For the record, I hope Arkush is right.  I hope Obama does something about the revolving door that lets people like Daschle write complicated laws and then make millions of dollars helping people navigate and alter them.  Of course, as they say, the only way to reduce the amount of money in politics is to reduce the size of government.

“Economists across the Spectrum” Continue to Flee Stimulus Bill

People like Robert Reich, who try to back up the claims of President Obama and Vice President Biden that “economic advisers across the political spectrum support Obama’s plan,” have managed to come up with two names of economists who support the stimulus plan and would not be regarded as left of center: Martin Feldstein of Harvard, a former top economic adviser to President Reagan, and Mark Zandi of Moody’s, who was an adviser to John McCain last fall. And now the Washington Post has blown both of those names out of the water. Leaving – by my count – exactly zero libertarian or conservative economists on that much-touted spectrum. As the Post notes this morning:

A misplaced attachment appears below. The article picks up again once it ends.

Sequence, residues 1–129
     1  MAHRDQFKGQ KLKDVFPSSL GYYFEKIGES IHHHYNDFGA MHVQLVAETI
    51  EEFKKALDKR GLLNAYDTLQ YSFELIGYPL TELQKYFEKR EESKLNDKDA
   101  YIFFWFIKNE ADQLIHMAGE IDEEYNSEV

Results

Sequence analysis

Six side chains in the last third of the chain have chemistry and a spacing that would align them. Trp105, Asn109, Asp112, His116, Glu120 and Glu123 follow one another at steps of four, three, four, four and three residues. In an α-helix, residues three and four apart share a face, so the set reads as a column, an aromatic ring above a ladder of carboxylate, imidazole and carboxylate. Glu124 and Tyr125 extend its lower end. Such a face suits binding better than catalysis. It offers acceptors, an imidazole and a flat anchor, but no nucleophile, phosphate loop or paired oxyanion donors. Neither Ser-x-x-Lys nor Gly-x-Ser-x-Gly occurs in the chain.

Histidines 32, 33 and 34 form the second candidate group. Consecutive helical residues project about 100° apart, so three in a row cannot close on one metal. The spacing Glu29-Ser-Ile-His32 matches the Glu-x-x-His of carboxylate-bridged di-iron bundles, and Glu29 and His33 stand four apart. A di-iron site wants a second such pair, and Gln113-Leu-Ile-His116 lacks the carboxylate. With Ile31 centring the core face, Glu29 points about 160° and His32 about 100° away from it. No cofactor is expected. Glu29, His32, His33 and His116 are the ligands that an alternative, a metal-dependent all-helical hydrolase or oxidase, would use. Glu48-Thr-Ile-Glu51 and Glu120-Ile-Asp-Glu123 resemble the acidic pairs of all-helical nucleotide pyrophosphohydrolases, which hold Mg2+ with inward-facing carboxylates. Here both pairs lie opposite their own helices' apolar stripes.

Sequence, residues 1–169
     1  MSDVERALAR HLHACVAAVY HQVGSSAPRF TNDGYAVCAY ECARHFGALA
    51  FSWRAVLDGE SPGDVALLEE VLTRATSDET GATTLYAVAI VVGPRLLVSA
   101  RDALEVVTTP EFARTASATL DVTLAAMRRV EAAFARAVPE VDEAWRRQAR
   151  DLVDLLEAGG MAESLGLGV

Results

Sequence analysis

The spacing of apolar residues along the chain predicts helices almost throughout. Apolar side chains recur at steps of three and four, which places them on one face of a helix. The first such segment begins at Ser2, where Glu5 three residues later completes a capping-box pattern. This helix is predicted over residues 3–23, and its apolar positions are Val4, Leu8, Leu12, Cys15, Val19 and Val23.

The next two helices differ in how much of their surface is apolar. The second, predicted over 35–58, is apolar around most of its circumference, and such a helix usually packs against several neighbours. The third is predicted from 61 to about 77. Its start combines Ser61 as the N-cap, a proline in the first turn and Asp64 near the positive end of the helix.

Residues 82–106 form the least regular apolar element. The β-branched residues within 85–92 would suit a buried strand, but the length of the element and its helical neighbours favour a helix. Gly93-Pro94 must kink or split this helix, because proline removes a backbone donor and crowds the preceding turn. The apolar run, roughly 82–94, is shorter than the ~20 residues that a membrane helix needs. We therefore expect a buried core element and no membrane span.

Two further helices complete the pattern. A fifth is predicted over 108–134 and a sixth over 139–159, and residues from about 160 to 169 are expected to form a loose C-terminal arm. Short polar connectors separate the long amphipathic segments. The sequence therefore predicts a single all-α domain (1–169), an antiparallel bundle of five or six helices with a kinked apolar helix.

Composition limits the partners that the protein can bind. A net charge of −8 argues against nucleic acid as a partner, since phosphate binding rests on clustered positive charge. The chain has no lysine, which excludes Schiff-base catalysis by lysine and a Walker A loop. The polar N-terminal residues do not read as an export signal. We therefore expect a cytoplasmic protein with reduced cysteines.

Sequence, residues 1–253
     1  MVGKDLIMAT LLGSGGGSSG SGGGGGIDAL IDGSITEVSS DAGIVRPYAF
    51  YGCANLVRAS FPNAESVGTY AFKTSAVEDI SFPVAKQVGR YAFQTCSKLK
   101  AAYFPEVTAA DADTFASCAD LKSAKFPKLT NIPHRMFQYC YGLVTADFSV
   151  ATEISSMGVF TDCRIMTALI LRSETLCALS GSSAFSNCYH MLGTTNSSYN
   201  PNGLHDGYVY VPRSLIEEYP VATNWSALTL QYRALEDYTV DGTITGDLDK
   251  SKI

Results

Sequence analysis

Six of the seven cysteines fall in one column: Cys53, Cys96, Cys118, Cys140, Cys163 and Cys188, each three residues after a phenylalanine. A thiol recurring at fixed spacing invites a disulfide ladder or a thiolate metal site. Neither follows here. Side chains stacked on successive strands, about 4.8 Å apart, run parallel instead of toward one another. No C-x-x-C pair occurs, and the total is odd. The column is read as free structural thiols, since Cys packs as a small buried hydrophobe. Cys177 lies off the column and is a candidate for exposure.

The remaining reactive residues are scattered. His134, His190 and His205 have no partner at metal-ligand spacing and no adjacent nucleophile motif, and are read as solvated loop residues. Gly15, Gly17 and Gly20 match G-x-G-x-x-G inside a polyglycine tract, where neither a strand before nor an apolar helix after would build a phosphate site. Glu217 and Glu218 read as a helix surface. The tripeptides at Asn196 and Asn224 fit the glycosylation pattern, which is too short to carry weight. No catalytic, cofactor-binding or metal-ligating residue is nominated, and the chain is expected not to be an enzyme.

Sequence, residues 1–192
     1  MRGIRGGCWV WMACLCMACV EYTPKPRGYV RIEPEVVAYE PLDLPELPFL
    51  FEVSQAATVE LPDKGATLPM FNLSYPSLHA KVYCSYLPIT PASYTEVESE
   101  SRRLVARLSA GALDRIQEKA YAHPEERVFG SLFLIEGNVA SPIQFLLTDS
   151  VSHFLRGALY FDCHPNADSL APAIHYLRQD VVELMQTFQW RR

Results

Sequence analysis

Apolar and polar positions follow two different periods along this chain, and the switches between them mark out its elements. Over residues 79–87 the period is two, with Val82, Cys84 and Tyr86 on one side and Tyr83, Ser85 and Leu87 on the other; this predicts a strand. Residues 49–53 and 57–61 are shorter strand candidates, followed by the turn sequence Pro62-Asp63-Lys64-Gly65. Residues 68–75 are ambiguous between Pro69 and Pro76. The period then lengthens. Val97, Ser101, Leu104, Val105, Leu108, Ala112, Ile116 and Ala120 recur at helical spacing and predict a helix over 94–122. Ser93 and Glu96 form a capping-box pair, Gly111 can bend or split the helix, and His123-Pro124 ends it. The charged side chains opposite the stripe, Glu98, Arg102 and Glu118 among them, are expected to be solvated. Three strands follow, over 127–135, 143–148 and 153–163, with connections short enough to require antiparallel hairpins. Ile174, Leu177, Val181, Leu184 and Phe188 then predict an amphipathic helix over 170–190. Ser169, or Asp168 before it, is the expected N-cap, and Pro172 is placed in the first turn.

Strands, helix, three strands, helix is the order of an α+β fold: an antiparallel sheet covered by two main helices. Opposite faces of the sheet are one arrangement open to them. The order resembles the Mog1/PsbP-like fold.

Democrats lost Feldstein on Thursday when the Harvard professor published a Washington Post op-ed declaring the House bill “an $800 billion mistake” laden with ineffective provisions.

As for Zandi,

The 49-year-old economist is a Democratic dream, a former adviser to GOP presidential candidate John McCain who advocates spending over tax cuts as the best way to deliver a quick jolt.

And Democrats have touted him a lot:

In floor speeches and news conferences, Democratic lawmakers confer on Zandi an authority once bestowed on Alan Greenspan, the former Federal Reserve chairman.

“I’m just saying what Mark Zandi from Moody’s, an adviser to John McCain, is saying: You have to have a package of this robustness if you’re going to make a difference,” House Speaker Nancy Pelosi (D-Calif.) said at a recent news conference. …